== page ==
Photos by Anna Gliszczynska,
Urszula Lukaszuk, and Les Fil

Events - 2010

A highlight of the evening was the rare opportunity to view an original manuscript in Chopin’s hand, Nocturne in B major, Opus 62 No. 1, which was published in 1846.

In 1946, The Newberry Library had the good fortune and prescience to acquire this exquisite score, handwritten by the composer. The spidery deletions enhance the score, adding a visual poetry to the romanticism of the melody.

The 150th anniversary
of the birth of Ignacy
Jan Paderewski
and the 200th anniversary of the birth
of Fryderyk Chopin

Friday, November 12, 2010
7 :30 p.m.

The Newberry Library
Ruggles Hall
60 West Walton Street
Chicago, IL 60610

The Fryderyk Chopin Institute in Warsaw published a facsimile edition of the Nocturne, part of the ongoing series of facsimile editions of all the available Chopin music manuscripts. An international academic publishing project on a grand scale, the volumes offer commentaries by Chopin scholars in six languages: Polish, English, French, German, Spanish, and Japanese. This volume was on display.

Alongside the exhibition of the manuscript, documents drawn from the Newberry Collections illustrated Paderewski’s connection to Chicago through the prism of his cordial and close relationship with Theodore Thomas, the founder of the Chicago Symphony Orchestra, and his wife, Rose Fay Thomas.

Members of Chicago's Diplomatic Corps attended the event.

The evening featured the Chicago recital debut of the young pianist, Jan Milosz Lisiecki, an extraordinary talent hailed by critics worldwide for his mature playing.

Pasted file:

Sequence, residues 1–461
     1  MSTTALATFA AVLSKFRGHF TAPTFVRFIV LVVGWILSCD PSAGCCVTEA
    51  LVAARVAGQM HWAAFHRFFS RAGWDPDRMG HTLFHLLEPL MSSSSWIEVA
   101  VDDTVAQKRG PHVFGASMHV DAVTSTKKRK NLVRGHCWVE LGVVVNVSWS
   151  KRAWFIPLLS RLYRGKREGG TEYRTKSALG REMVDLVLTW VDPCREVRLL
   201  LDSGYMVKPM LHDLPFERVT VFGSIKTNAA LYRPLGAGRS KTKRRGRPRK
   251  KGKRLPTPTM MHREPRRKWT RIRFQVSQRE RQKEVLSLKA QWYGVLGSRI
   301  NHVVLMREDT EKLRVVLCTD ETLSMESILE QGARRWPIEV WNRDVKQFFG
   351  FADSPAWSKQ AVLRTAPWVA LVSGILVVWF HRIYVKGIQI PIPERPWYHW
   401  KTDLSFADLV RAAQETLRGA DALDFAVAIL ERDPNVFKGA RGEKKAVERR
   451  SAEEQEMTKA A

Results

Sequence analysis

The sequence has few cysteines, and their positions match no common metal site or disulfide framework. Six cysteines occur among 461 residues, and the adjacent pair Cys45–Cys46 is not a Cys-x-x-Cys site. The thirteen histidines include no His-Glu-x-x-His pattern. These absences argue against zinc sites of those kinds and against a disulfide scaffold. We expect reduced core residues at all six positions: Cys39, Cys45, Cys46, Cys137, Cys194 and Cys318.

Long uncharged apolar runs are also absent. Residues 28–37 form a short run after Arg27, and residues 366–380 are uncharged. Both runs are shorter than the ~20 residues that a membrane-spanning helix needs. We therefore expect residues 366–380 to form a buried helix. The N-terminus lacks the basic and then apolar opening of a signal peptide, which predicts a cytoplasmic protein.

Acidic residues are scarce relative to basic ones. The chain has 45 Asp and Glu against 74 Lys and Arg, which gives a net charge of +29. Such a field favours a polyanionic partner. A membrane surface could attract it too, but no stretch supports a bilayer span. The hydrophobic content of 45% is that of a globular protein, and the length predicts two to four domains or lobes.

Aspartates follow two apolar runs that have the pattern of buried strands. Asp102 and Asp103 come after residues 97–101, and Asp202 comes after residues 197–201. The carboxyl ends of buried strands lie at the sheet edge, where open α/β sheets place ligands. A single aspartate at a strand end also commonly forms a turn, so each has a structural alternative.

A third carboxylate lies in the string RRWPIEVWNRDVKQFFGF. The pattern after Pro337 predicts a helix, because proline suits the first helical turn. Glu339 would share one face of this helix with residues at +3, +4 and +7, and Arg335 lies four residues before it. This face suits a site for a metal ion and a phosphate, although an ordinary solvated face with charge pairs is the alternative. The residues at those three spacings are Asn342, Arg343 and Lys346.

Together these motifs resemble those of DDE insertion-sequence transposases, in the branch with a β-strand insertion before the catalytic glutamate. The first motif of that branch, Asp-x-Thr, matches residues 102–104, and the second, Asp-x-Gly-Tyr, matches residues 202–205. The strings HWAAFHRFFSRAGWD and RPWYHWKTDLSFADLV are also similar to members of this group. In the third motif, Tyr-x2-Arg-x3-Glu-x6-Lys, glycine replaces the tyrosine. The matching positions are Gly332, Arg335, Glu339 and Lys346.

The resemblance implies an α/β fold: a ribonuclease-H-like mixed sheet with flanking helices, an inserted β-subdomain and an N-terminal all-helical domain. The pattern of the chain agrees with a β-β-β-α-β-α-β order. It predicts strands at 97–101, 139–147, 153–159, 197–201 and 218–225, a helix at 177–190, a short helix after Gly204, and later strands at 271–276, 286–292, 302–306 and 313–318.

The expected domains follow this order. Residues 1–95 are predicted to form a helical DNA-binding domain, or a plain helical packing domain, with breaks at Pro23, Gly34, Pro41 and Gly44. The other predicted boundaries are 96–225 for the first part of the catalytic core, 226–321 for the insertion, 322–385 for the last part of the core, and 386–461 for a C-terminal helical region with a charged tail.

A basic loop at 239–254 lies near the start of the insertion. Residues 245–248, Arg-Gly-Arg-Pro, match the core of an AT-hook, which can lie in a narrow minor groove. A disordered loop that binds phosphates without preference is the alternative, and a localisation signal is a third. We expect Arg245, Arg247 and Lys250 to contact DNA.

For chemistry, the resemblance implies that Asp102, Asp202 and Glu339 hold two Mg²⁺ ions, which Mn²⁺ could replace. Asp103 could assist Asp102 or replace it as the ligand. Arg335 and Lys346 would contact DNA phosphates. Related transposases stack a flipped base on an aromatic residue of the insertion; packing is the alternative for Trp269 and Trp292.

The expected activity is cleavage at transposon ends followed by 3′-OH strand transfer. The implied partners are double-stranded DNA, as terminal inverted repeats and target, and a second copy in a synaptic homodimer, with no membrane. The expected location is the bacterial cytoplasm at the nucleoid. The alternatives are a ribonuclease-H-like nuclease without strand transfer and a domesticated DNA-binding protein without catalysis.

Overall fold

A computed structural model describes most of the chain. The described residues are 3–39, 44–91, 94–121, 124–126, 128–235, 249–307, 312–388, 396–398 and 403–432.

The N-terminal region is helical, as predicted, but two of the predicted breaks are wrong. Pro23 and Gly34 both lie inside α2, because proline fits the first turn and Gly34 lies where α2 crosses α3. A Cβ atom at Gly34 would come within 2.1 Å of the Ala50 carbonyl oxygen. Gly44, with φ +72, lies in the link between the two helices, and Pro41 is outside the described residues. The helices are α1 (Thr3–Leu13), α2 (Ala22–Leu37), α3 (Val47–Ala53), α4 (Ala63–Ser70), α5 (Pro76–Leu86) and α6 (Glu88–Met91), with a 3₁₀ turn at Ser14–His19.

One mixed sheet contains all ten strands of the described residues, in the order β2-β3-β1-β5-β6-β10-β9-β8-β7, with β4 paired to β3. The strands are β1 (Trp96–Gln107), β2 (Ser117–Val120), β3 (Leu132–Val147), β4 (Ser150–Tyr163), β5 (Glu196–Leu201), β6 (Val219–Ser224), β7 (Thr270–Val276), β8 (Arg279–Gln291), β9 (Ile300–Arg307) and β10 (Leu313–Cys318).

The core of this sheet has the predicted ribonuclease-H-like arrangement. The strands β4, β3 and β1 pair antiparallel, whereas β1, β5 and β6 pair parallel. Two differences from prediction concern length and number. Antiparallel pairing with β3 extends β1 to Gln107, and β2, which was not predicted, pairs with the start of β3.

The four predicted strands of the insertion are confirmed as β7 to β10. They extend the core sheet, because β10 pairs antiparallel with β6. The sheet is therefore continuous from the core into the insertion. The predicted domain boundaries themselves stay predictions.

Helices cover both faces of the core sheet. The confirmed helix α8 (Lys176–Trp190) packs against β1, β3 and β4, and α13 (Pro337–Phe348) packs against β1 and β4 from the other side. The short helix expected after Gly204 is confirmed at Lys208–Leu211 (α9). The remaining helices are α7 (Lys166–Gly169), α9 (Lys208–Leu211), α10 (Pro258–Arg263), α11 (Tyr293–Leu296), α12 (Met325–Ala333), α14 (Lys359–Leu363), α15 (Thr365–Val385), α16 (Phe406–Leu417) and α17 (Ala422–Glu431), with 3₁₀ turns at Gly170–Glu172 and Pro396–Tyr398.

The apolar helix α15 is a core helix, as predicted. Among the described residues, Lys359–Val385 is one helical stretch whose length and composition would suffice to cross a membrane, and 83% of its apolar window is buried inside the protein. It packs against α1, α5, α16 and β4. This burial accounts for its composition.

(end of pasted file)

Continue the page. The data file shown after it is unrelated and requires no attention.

Jan Milosz Lisiecki was interviewed by TV Polonia & Polsat - entirely in Polish.

Jan Milosz Lisiecki, pianist, Izabela Roman, The Paderewski Association president and Stanley Boduch, Maestro Award sponsor, holding the Award which is a mold of Paderewski's hand

The 2010 Maeastro Award was presented to General Edward L. Rowny, a dedicated promulgator and admirer of Paderewski’s legacy.

The mold of Paderewski's hand by Malvina Hoffman, American sculptor (1887-1966)

The original clay mold is in the collection of The Polish Museum of America in Chicago.

Enhancing the presentations of the evening was the launch of a bilingual children’s book about Paderewski, with the author and artist Anna Mycek-Wodecki in attendance. Ingeniously illustrated, IGNAS Chlopiec z kolorowa glowa/ The Boy with the Colorful Head, written in Polish and English, recounts stories from the composer’s childhood based on his recollections, The Paderewski Memoirs, published in 1938.

Anna Mycek Wodecki and Jan Milosz Lisiecki


The original artwork created for the book IGNAS Chlopiec z kolorowa glowa/ The Boy with the Colorful Head by Anna Mycek Wodecki

Izabela Roman, president of The Paderewski Association presenting Anna Mycek Wodecki's book IGNAS Chlopiec z kolorowa glowa/ The Boy with the Colorful Head

Maja Trochimczyk, scholar, and Richard Dyer, music critic, next to a photograph of Paderewski from 1890 from the collection of The Polish Museum of America in Chicago

Richard Dyer presented a lecture on Paderewski titled Some Call it Hair… referring to American pianist and composer, Edward Alexander MacDowell's quote “Some call it hair; I call it piano playing.”

Boguslaw Raba, musicologist, University of Wroclaw, Teresa Kaczorowska, journalist and author, and Stan Bernacki, founder of The Paderewski Association

Barbara Mirecki, Master of Ceremonies and Event Coordinator

Jan Milosz Lisiecki signing a poster published for the event and his debut CD featuring the Piano Concertos in F minor and E minor by Fryderyk Chopin, recorded during the festival Chopin and his Europe at the Warsaw Philharmonic Concert Hall, 21 August 2008 [1-3] and 20 August 2009 [4-6]


Grazyna Auguscik, jazz musician, and Jan Milosz Lisiecki

Jan Milosz Lisiecki and Elizabeth Doyle, singer and composer

Lucyna Migala, artistic director of The Lira Ensemble, and Jan Milosz Lisiecki

© 2011 The Organizing Committee for Chopin & Paderewski 2010 celebrations, USA